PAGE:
Introduction: Black Box

About: I am an inventive photographer, Pilot, and MacGyver. I love building and modifying things to aid in my adventures. Check out my Website! Have a great day!

This black box tracker records magnetic and GPS heading as well as 3 axis GPS location, barametric altitude, and 3 axis tilt and acceleration. This allows for a wealth of information for both video overlays and for reviewing manoeuvres once you are on the ground.

Here is a video of the testing of an early prototype:

For this project you will require:

- A study container

- Paperbacked foam board

- MediaTek LinkIt

- GPS Antenna

- Standard LinkIt Battery

- 9-axis + barometric sensor "boodle"

A huge thank you to instructables, autodesk, MediaTek, and Penolopy Bulnick for sending me the Link It One used in this instructable.

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Step 1: Cutting the Base Plate

The first step is build a stable base to mount all of the components to. I used paper backed foam board left over from an architectural model but cardboard, balsa, or plastic board will also work.

I pressed the lid of my case into the foam to create an impression then cut it out with a utility knife. I made the piece of foam fit tight enough to friction fit into the lid.

Step 2: Wiring

Now connect the GPS antenna, Battery, 9-axis Sensor, trigger switch, and insert a blank FAT formatted microSD card into the LinkIt.

Step 3: Layout

Lay out all of the components neatly onto the foam board and trace the components as well as marking any screw holes. Then make pilot holes in the foam using a pin.

Step 4: Mounting

Select screws that will pass through the component without penetrating all of the way through the foam. I have found that the best place to find small screws for mounting components is electronics, I salvaged most of my screws off of old printers. For components without screw holes I used rubberized mesh, as it will not conduct electricity, and screwed the mesh down the the foam.

This rigid mounting will prevent false sensor readings due to movement of the components.

Step 5: Coding and Data

To read any of the data from the 9-axis sensor you will need to get the libraries from the git hub repository here:

Some general notes for setting up the sensors are:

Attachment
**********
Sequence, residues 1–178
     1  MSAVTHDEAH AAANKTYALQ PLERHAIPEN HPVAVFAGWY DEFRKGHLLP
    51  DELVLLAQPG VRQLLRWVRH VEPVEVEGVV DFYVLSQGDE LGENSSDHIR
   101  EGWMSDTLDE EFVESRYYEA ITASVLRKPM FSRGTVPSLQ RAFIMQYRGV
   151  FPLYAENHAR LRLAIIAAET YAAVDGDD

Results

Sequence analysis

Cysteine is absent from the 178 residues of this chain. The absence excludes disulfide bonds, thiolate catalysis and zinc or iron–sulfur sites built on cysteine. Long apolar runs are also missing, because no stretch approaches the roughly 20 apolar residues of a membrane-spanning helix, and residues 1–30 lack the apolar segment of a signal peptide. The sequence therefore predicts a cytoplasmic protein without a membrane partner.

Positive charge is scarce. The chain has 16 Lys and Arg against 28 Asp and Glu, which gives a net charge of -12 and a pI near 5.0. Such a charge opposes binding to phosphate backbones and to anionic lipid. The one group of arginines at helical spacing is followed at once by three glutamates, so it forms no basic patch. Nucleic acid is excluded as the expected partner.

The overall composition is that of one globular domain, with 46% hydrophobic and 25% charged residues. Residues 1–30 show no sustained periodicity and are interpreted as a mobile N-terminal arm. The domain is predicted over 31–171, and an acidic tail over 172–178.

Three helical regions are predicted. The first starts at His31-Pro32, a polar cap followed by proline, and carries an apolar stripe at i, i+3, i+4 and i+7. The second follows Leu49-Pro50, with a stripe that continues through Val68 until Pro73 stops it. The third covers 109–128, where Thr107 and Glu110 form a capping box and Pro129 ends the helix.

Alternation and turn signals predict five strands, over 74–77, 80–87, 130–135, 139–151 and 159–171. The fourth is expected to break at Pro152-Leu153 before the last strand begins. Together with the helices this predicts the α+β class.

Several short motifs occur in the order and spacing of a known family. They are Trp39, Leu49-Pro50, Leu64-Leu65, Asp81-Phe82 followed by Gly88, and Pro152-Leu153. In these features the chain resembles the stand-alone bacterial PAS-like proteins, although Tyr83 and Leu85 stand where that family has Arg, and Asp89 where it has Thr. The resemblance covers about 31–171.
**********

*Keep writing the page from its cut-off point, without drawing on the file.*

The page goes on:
The default I2C address is 0x68

Each of the value types (gyroscope, accelerometer, and magnetometer) are transmitted as their own 16bit integers

To find the vector of each value use the 3 dimensional pythagorean theorem to find the modules (m = (x^2 + y^2 + z^2)^1/2)

Things to keep in mind:

Barometric altitude will need to be calibrated in post (leave it raw), use your knee board values

GPS altitude is inaccurate an average of GPS and Barometric is advisable if calibration is unknown

Magnetometer data can be skewed by electronics (the alternator, magnetos, most everything electronic in the plane)

This sensor array is for informational purposes only and as you may note in the video at the start of the video is not always highly accurate

I will post a full source code file for this project on my website Just4FunMedia.TK under the "Apps" tab once I finish working out the bugs. Currently these bugs are inaccurate sensor data, randomly crashing, and corrupted text files. I believe this is due to inefficient coding and the large amount of data gathered during a flight.

I am currently working to find a balance in sensor update rate between quality and reliability, as I believe that my log rate is causing my errors.

The 9-axis sensor also logs x.y. and z axis magnetism which can yield some visually interesting results when graphed in 3 dimensions (see data above). NOTE: the graph is a "ball" because the sensor senses a certain magnetic declination that is broken down into a cartesian vector (X,Y,Z). Imagine the vector as the needle of a compass stemming from the origin to a point

Step 6: Finishing Touches and Use

All that is left is to secure the plastic cover and add some much needed stickers. To record cockpit audio I prefer to use a microphone placed in my headset. This way the recorder is fully electrically isolated from the plane, and the recorder can in no way interfere with radio system. Purpose made cables are also available to adapt the standard .25" and .206" headset plugs to 2.5mm audio jacks, although I prefer not to use them.

Just push the switch, Once the LED starts flashing, stow the tracker and forget it.

Feel free to post any comments, questions, or results in the comments.

Have a great day! :-)

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